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Steps to Build Plan
  Step 1 - Define goal
  Step 2 - Gather data
  Step 3 - Get educated
  Step 4 - Assess situation
  Step 5 - Develop plan
  Step 6 - Make changes
  Step 7 - Get help
Tools
  Retirement Calculator (Html)
  Life Expectancy Calculator (Html)
  CNNMoney's Asset Allocation Wizard
Investment Plans
  Employer Plans
  Pensions
  401(k)
  403(b)
  Roth 401(k)/403(b)
  457(b)
  Keogh
  Simple IRA
  SARSEP-IRA
  SEP-IRA
  Federal Plans
  Military Retirement
  CSRS/FERS Plans
  TSP
  Other Investments
  Personal IRA
  Annuities
  Stocks
  Bonds
  Mutual Funds
Government retirement

The first retirement program for Federal civilian workers was enacted in 1920. The program covered about 330,000 persons and provided benefits to those who retired because of age or disability after at least 15 years of service. In September of 1996, 2.6 million Federal workers were covered. This figure included workers covered by the Civil Service Retirement System (CSRS) and those under the more recently established Federal Employees Retirement System (FERS).

In general, employees hired before January 1, 1984, are covered by CSRS and those hired on or after that date are covered under FERS. Several separate retirement systems cover special classes of employees, such as those in the Foreign Service or the Central Intelligence Agency.

Generally speaking, the CSRS is a defined benefit plan, financed through joint employer-employee contributions, that provides annuities in the event of the retirement, disability, or death of a covered worker. Under the CSRS, workers and their employing agencies each contribute 7% of the worker's salary.

FERS is a three-tiered system including Social Security, a Federal pension, and a tax-deferred savings plan. All workers enrolled in FERS are covered by Social Security. They contribute to it at the current tax rate (7.65%) and are eligible for the same benefits as all other workers covered by the program. In addition, a worker who meets the full age and service requirements for an annuity under FERS, but at an age when Social Security benefits are not yet payable, may receive a Special Retirement Supplement until he or she attains age 62. This benefit approximates the Social Security benefit earned during Federal service, and stops when the retiree begins to receive the Social Security benefit. The second tier is a small pension, financed by contributions of 0.8% to the pension fund from the worker and the government. The third and final tier of FERS is a tax-deferred savings plan known as the Thrift Savings Plan. Under this plan, workers may contribute up to 10% of their salaries to the plan, with the Government matching up to 5% of the salary. Contributions and interest earnings are not taxable until they are withdrawn, usually at retirement. You can learn more by downloading this FERS Word document.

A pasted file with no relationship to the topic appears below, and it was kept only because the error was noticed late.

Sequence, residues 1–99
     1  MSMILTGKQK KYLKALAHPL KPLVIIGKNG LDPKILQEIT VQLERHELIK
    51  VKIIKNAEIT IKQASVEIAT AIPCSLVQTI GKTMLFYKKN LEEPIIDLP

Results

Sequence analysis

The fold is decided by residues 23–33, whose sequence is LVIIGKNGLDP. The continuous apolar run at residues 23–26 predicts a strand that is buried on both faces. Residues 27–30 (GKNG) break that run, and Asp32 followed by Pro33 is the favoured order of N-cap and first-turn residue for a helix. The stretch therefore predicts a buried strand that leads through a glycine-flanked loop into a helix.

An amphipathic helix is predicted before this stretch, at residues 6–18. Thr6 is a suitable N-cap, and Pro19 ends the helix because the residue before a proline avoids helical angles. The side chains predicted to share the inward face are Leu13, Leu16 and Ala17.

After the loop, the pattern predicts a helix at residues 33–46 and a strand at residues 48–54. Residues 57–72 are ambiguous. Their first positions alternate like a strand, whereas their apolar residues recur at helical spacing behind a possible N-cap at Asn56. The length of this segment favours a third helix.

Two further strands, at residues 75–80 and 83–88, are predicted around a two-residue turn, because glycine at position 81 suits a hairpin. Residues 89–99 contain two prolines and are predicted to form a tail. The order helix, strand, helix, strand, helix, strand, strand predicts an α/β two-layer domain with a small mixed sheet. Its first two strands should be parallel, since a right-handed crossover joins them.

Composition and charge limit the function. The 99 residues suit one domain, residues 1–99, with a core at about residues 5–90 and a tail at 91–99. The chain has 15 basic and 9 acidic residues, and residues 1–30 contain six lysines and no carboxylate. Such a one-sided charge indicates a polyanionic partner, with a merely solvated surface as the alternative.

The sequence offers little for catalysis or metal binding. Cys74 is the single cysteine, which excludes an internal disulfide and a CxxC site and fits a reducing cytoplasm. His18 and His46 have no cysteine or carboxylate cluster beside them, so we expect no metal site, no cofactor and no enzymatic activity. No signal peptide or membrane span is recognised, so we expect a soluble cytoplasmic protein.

In addition, all Federal civilian workers are covered by the
Hospital Insurance program (Part A of Medicare), and contribute
1.45% of their salaries to that program.

Federal pension qualifications and the amount of annuity are based on age and years of service, as outlined in the table below:
Type of pension
Qualifications
Amount of annuity
CSRS
Retirement Age 55 with 30 years of service 1.5% of high-three average earnings* for each of the first 5 years of service,1.75 for each of the next 5, and 2% thereafter
  Age 60 with 20 years of service 1.5% of high-three average earnings* for each of the first 5 years of service,1.75 for each of the next 5, and 2% thereafter
  Age 62 with 5 years of service 1.5% of high-three average earnings* for each of the first 5 years of service,1.75 for each of the next 5, and 2% thereafter
Disability Any age with 5 years of service The lesser of 40% of high-three average earnings* or the projection of service to age 62
Survivorship Death of an employee 55% of disability guarantee
  Death of an annuitant 55% of benefit amount
FERS
Retirement Age 55 with 30 years of service 1.1% of high-three average earnings* for each year of service for those retiring at age 62 with at least 20 years of service; 1% for all others
  Age 60 with 20 years of service 1.1% of high-three average earnings* for each year of service for those retiring at age 62 with at least 20 years of service; 1% for all others
  Age 62 with 5 years of service 1% of high-three average earnings* for each year of service
Disability Any age with 18 months of service 60% of high-three average earnings the first year, and 40% thereafter
Survivorship Death of an employee with 18 months to 10 years of service 50% of projected annuity in a lump-sum payment
  Death of an employee with 10 or more years of service 50% of projected annuity
  Death of an annuitant 50% of benefit amount
* The average of a worker's basic pay (including locality pay) for the three highest-salaried years (actually 78 consecutive pay periods), normally the last three before retirement.

Don't forget that your retirement pay will be reduced by the costs of survivors benefit, health and life insurance, and federal and state taxes.

If you would like to learn more about your benefits under these programs, visit the USA.Gov website. If you would like to estimate your retirement pay (FERS/CSRS, Social Security, and TSP), the FirstGov website provides a link to calculators on the USGS website and the TSP website has a number of calculators. They are a good starting point, but they are not integrated to provide a true retirement solution.

Get Answers
  FAQ about TSP
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